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Not Forgetting the Whale by John Ironmonger
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Not Forgetting the Whale

by John Ironmonger

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Reading this was like opening a Christmas present you fear is going to be another pair of socks, but which turns out to be exactly what you wanted, cunningly disguised as a pair of socks. You have to give it time - more time than I would normally want to give a book - but what initially looks to be a potentially nauseating tale of community spirit in lovely close-knit communities trumping the self-interest of evil big cities builds into something much bigger. And yes, I think that community vs self-interest comparison was still the main point of the book, but the point is made with such intelligence, and using such big ideas that I ceased to be nauseated by it. There is thorough research here, which lends it an authoritative voice, and a determination to depict a scenario many other authors have tackled, but to do it in a different way. ( )
  jayne_charles | Feb 8, 2016 |
A naked young man washes up one autumn morning on the beach in the hamlet of St Piran in Cornwall. The residents rescue him and welcome the stranger, Joe Haak, into their midst. Gradually it emerges that Joe is a computer analyst who used to work in a large investment bank in the City of London. One of the programs he’s designed is telling him that the collapse of civilisation is imminent, and so Joe prepares for the worst by spending his entire savings on stockpiling food in the bell tower of the village church, intending to feed every one of its 307 inhabitants for several weeks.

I loved John Ironmonger’s previous book, The Coincidence Authority, and so had high hopes for this subsequent offering. It all starts out well enough, with his intimate writing style seeming to suggest that you as the reader are in a very privileged position as you’re listening to the author tell you a story. Don’t get me wrong, I liked the premise, the characters are well drawn and the prose is engaging, but it didn’t grab me as much as I thought it would. I think in part this is due to the fact that Joe reminisces a little too much without this having any bearing on present-day events, and some very detailed and technical discussions on computer models predicting different scenarios. While these are no doubt thought-provoking and sobering as one reflects on the fragility of our everyday existence, I did feel that these detracted from the humans at the heart of the story, which is when John Ironmonger writes best; in short, I think it lost its way in the middle of the book. While the third part partially makes up for the long second, it also piled on one unlikely event after another, and I feel I had to suspend disbelief a little too often. The final message relating to events on Christmas Day (very timely) is moving and life-affirming – even though a bit slushy – and I would like to think that empathy, generosity and kindness would prevail, rather than self-interest, when it came to it, but news events of the past week (the Sydney siege, the school massacre in Peshawar, the murder of eight children in Cairns), along with excruciating footage of this year’s Black Friday sales, don’t exactly lead me to believe that humans on the whole are capable of self-sacrifice for the benefit of others. I do believe that individuals can make a difference to many, and this is the message I will take away from this book, though I do feel unconvinced by what appears to be its ultimate conclusion.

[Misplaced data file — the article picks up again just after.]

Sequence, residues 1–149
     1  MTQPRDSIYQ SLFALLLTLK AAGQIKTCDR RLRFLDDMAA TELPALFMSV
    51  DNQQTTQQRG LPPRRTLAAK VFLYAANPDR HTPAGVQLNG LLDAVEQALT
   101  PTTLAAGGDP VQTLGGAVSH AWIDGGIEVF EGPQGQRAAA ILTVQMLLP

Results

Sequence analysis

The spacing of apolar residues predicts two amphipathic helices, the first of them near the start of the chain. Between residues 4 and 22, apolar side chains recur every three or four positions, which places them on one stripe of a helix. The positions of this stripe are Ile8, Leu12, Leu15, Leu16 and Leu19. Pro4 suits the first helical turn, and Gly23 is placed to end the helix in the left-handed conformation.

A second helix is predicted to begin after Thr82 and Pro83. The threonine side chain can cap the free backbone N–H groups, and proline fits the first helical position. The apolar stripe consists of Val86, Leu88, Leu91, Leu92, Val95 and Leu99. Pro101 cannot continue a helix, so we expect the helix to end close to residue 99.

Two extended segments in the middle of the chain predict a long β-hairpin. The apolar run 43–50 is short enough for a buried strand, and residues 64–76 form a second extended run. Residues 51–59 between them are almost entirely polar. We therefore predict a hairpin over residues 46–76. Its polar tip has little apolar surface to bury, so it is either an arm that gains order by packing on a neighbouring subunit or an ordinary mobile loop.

(This review was written as part of Amazon's Vine programme.) ( )
  passion4reading | Dec 20, 2014 |
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Joe saves whale and a
Village in Cornwall. Not bad
For a City boy!
(passion4reading)

Amazon.com Product Description (ISBN 0297872036, Hardcover)

When a young man washes up, naked, on the sands of St Piran in Cornwall, he is quickly rescued by the villagers. From the retired village doctor and the schoolteacher, to the beachcomber and the owner of the local bar, the priest's wife and the romantic novelist, they take this lost soul into their midst. But what the villagers don't know is that Joe Haak has fled the City of London fearing a worldwide collapse of civilisation, a collapse forecast by Cassie, a computer program he designed. But is the end of the world really nigh? Can Joe convince the village to seal itself off from the outside world? And what of the whale that lurks in the bay? Intimate, funny and deeply moving, Not Forgetting the Whale is the story of a man on a journey to find a place he can call home.

(retrieved from Amazon Thu, 12 Mar 2015 18:04:23 -0400)

(see all 2 descriptions)

When a young man washes up, naked, on the sands of St Piran, he is quickly rescued by the villagers. From the retired village doctor and the schoolteacher, to the beachcomber and the owner of the local bar, the priest's wife and the romantic novelist, they take this lost soul into their midst. But what the villagers don't know is that Joe Haak worked as an analyst and has fled the City amid fears of a worldwide banking collapse caused by a computer program he invented. But is the end of the world really nigh? And what of the whale that lurks in the bay? Intimate, funny and deeply moving, Not Forgetting the Whale is the story of a man on a journey to find a place he can call home.… (more)

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